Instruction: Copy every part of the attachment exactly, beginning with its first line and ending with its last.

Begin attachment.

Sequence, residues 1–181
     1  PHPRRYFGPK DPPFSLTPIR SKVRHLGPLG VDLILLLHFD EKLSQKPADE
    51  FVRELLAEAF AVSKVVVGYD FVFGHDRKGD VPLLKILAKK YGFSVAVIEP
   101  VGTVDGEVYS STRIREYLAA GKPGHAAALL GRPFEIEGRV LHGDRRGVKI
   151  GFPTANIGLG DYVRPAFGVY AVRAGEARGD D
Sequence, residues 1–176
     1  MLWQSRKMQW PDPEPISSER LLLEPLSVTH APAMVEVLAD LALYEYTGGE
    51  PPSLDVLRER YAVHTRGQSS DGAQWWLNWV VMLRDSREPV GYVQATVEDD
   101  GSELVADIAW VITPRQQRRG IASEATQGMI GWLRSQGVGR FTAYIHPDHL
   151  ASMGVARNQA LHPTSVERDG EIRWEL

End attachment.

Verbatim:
Sequence, residues 1–181
     1  PHPRRYFGPK DPPFSLTPIR SKVRHLGPLG VDLILLLHFD EKLSQKPADE
    51  FVRELLAEAF AVSKVVVGYD FVFGHDRKGD VPLLKILAKK YGFSVAVIEP
   101  VGTVDGEVYS STRIREYLAA GKPGHAAALL GRPFEIEGRV LHGDRRGVKI
   151  GFPTANIGLG DYVRPAFGVY AVRAGEARGD D
Sequence, residues 1–176
     1  MLWQSRKMQW PDPEPISSER LLLEPLSVTH APAMVEVLAD LALYEYTGGE
    51  PPSLDVLRER YAVHTRGQSS DGAQWWLNWV VMLRDSREPV GYVQATVEDD
   101  GSELVADIAW VITPRQQRRG IASEATQGMI GWLRSQGVGR FTAYIHPDHL
   151  ASMGVARNQA LHPTSVERDG EIRWEL